There are so many of these that will help you 10x your workflow. It’s one of my favorite things about Notion.Take the time to learn these, as well as a few simple keyboard shortcuts like:

• ‘cmd/ctrl + [’ to go back a page • ‘cmd/ctrl +]’ to go forward a page • ‘: + {emoji name}’ to add an emoji • ‘tab’ to indent and nest content • ‘shift + tab’ to un-indent content • ‘/color’ at the beginning of a block to change its color • ‘shift + up/down arrow’ to expand a selection

And that’s just scratching the surface.To see a full list of all these shortcuts, bookmark Notion’s page on it here and refer back to it as you build.

Or, if you want a condensed and savable Notion page, you can copy my cheat sheet here:


Eventually they’ll become second nature and moving things around in Notion will be a piece of cake 🍰.

Mistake #2 - Not Learning How To Structure & Nest Your Pages

This mistake is by far one of the most common mistakes I see people make, and one that causes a big mess in the long run.

It’s tempting to make every single thing into a new page and to fill up your sidebar with pages so you can see everything, all the time.

But, this will get unruly quickly.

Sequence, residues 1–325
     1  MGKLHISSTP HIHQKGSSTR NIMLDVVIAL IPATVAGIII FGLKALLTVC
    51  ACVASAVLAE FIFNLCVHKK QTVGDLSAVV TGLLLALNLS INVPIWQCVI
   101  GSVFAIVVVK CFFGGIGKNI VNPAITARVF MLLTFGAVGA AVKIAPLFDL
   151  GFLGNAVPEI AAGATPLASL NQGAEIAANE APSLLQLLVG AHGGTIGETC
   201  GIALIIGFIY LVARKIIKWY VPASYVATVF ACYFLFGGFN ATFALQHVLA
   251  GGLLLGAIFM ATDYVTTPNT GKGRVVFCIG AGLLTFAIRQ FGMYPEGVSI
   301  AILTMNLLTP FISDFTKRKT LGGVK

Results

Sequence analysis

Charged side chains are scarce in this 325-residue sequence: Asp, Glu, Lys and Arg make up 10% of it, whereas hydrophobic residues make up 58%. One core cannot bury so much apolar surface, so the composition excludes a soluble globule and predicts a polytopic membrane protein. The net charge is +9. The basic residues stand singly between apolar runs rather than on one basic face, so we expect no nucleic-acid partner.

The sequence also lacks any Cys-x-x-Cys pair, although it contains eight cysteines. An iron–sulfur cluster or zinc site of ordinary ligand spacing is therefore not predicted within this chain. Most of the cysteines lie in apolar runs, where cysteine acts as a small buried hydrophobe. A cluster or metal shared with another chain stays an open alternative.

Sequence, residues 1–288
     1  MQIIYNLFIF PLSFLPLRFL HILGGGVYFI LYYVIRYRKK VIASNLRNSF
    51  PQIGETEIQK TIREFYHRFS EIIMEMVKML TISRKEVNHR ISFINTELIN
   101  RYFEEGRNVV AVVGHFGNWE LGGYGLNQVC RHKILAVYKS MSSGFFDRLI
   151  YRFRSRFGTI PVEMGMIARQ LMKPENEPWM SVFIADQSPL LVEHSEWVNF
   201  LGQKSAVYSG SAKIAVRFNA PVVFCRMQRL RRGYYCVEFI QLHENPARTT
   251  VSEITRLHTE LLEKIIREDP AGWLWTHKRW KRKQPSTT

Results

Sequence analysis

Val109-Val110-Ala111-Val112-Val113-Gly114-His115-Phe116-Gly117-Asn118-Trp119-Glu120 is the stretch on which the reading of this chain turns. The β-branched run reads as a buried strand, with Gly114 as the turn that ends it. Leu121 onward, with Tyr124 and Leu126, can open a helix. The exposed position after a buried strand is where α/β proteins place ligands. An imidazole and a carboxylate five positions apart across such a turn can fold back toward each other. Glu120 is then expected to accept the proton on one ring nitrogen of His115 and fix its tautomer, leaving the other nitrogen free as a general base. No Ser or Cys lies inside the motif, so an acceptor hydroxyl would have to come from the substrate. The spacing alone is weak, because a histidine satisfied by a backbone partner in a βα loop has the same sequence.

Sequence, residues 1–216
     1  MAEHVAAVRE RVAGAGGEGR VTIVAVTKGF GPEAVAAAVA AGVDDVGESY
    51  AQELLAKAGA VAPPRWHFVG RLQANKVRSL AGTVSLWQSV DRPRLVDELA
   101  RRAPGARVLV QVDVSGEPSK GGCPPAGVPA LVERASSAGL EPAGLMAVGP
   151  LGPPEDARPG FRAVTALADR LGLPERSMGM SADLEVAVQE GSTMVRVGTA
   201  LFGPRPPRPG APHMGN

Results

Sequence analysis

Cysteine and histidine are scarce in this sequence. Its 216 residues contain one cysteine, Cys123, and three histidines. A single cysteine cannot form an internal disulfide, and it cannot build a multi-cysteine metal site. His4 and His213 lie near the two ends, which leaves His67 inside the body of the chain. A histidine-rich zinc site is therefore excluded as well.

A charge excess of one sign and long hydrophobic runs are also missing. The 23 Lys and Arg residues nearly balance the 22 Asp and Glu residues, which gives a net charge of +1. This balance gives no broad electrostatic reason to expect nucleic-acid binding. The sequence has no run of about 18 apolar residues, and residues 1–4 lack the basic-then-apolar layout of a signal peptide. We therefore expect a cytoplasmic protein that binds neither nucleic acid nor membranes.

So, the alternative is to learn how create page structures and page systems that make it easy for you to know where a page should “live” inside Notion.

For example, let’s say I’m a student and I want to keep track of my work for all of my classes this semester.

What I could do, and what many Notion novices choose to do, is set up a top-level page (a page that has it’s own dedicated spot on the sidebar) for every class.

It makes it so easy to see each class and click into it, right?

The problem is: now all those pages “live” separately and you will have to go to extra lengths to connect them to each other.On the surface, it’s not that big of a deal.

BUT, the easier and more efficient way to do this would be to create just one top-level page called “School” and nest those individual class pages underneath it.

There are many reasons that I choose to do it this way.